Daily Archives: Sep 1, 2017

By: Edwin Martinez and Gail Pennington

The story of Hispanic Americans stretches from coast to coast and across 500 years of history. The Spanish first arrived in Florida long before the pilgrims and the settled in California. Long before California, Nevada, Utah, Arizona, New Mexico, Texas, Wyoming, Colorado, Oklahoma and Kansas were part of the United States, it was Mexico.

But the history of the United States, as most of us learned it, still begins with Jamestown, Plymouth Rock and the Pilgrims.

“We tend to think of the United States as an English thing,” says Ray Suarez, who wrote the companion book to “Latino Americans,” a six-part, three-night documentary that played on PBS last year  “But this is a case of three empires, Spain, France and Britain, that went charging into this new territory, elbows out, bumping into one another and jostling for dominance.”

In fact, Suarez reminds us, “The first American settlement in 1565 in St. Augustine, Fla., predates Jamestown, and Spanish was the first language spoken in what became the United States. So, Latinos are the newest immigrants to the United States and also the oldest inhabitants.”

Suarez, chief national correspondent for PBS’ “NewsHour,” admits that covering the entire history of Latino Americans in just six hours or 256 pages is “a lot to tackle. It’s a big bite of history, and there’s a lot to stuff into each hour. But I think the series handles that in a way that’s both interesting and coherent, and I hope the book supports that.”

The series and book are structured chronologically, beginning with the earliest history of the Americas. But each episode or chapter also singles out characters (sometimes depicted in dramatizations) through whom the story comes alive.

We meet Apolinaria Lorenzana, who as a child is snatched from Mexico and grows old as an important figure in the Spanish Missions. Juan Seguin, both Texan and Mexican, fights at the Alamo on the American side, next to Davy Crockett. Moving along, in World War II, Macario Garcia becomes the first Mexican National to earn the Congressional Medal of Honor. Cesar Chavez and Dolores Huerta march for the rights of migrant workers in the 1970s.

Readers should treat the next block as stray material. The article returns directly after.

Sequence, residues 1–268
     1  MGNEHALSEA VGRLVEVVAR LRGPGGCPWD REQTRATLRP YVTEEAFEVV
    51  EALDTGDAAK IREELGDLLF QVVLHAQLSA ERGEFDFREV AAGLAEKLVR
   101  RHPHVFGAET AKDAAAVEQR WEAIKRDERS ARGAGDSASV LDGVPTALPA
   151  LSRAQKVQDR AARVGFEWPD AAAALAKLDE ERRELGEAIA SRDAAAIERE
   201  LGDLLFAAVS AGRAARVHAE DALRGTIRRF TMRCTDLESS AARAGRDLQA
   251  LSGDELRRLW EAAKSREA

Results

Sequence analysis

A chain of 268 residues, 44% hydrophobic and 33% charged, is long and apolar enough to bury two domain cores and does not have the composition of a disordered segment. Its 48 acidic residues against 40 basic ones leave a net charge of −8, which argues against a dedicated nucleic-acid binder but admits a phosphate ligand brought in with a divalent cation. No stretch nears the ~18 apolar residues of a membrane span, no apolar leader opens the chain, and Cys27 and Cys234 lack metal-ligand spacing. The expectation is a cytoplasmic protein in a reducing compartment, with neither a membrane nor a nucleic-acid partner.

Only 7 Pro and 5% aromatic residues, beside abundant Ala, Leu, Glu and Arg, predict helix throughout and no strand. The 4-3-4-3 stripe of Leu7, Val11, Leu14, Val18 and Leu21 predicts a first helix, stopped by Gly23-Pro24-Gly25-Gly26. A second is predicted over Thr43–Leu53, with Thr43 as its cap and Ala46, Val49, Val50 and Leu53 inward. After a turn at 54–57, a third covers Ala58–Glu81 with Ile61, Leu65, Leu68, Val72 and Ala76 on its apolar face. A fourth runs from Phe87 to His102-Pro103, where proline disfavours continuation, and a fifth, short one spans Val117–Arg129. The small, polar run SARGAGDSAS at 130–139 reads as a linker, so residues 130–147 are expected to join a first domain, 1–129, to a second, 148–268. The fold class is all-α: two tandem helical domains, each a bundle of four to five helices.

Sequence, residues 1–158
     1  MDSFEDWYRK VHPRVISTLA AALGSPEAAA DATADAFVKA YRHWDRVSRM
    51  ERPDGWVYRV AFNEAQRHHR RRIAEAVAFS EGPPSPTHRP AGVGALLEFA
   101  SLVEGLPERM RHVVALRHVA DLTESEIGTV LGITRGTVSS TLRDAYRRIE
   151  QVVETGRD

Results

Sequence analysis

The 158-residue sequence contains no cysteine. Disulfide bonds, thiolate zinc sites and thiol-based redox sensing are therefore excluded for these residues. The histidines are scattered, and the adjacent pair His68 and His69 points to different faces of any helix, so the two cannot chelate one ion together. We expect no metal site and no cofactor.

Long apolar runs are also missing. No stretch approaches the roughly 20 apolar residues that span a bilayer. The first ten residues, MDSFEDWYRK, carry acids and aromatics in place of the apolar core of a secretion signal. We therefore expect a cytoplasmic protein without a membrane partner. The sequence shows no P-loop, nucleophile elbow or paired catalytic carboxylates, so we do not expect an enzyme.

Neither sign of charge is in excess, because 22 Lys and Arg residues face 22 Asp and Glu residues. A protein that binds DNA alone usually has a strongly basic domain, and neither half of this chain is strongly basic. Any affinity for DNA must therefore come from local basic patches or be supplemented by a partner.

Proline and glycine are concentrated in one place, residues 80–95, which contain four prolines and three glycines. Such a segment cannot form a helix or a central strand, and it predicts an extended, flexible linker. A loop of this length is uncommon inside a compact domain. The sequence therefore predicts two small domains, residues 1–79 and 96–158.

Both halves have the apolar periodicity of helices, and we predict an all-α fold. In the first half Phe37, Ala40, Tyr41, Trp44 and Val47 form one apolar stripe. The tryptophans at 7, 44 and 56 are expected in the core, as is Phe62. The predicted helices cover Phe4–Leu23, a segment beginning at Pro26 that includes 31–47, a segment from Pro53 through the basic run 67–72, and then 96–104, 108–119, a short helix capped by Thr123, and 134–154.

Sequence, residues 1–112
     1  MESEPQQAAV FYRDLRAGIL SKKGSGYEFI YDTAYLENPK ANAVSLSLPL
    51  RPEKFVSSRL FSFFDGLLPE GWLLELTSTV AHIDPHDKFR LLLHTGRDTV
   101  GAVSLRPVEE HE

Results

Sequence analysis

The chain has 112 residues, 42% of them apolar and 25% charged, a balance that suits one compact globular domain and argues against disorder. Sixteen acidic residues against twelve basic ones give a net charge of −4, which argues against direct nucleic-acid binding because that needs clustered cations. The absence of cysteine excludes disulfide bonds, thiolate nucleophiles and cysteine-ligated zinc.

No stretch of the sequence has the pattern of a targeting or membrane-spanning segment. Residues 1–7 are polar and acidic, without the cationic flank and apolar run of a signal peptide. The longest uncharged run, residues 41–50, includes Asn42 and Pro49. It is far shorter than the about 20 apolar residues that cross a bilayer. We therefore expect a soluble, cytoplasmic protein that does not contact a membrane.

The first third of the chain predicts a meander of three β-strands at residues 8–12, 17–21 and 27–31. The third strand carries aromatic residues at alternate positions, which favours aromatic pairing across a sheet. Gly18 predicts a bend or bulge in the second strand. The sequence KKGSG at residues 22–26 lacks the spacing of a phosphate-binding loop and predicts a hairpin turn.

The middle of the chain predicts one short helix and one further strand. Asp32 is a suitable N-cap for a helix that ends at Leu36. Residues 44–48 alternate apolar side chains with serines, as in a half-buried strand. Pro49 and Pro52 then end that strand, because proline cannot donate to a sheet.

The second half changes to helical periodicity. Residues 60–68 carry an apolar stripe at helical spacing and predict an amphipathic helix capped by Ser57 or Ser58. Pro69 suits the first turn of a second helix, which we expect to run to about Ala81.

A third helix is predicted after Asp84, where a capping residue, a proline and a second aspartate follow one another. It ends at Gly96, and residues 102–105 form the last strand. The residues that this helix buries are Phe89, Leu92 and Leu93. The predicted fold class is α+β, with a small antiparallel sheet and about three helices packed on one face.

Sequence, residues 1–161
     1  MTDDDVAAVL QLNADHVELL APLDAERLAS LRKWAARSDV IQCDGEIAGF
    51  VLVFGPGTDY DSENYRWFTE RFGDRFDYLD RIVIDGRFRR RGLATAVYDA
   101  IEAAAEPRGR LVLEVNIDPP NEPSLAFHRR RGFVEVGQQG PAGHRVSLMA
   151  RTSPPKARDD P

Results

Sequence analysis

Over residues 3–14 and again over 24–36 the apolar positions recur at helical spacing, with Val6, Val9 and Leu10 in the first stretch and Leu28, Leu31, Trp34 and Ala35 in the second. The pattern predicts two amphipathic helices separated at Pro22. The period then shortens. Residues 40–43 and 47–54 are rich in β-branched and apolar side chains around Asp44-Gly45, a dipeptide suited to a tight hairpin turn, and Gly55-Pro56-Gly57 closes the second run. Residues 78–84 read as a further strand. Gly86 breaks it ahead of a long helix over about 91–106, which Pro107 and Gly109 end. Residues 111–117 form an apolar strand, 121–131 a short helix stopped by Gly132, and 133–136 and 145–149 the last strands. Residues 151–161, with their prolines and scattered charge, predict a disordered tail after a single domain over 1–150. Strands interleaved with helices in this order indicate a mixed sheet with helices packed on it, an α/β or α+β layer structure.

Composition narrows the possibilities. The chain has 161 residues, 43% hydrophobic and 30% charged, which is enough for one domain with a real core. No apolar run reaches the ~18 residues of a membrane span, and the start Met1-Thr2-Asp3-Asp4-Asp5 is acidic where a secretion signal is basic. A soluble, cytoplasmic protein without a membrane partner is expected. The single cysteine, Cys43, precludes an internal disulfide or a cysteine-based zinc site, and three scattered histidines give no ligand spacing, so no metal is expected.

Hispanics service to the United States Military can be traced back to the Civil war. Records of Hispanics in the armed forces were not kept until the 1970s, according to the Pew Center for Latino Studies. While some records show that thousands of Hispanic American men — Mexicans, Puerto Ricans, Cubans for instance — fought in the Civil War as well as the two World Wars, researchers have determined that many more served and died than official documents show. As a result of the omission, the full story of Hispanic sacrifice may never be fully told. And that is a shame, since Latinos have been part of the building of America — including dying while protecting it — for hundreds of years. If the records don’t show that Hispanics served and died, that we toiled in the trenches and contributed with blood, how does our nation measure Hispanic contributions, let one acknowledge them?

puerto rican and hispanic parade

In the new American conversation, cultural celebrations like these matter, and they matter greatly. They help us better explain our Hispanic story to each other and ourselves; they matter for the individual and national psyche, because they allow the 50 million-plus Hispanics, and the larger American family, to better appreciate the Hispanic story within the greater American narrative.

Why is this important to know? By 2050, almost one in three people in the United States will be Latino, a total of more than 130 million, Suarez writes, citing a Pew Hispanic Center projection. Pew also expects the Hispanic population to triple between 2005 and 2050.

As immigration remains a divisive issue, the vision of the United States as a melting pot is different today, Suarez says.

“Our ideas of what becoming American means have changed. The old idea was that we gave up everything we were. In the middle of the 20th century, it wasn’t uncommon for grandparents to talk

to parents in the old language to exclude the children, because they didn’t want the children ever to speak that language.”

Now, the children or grandchildren of immigrants may want to be 100 percent American, or they may want to celebrate their roots and their family history, he says. “It’s up to them. For young Latino Americans, Spanish and English can exist side by side, as two living tongues.”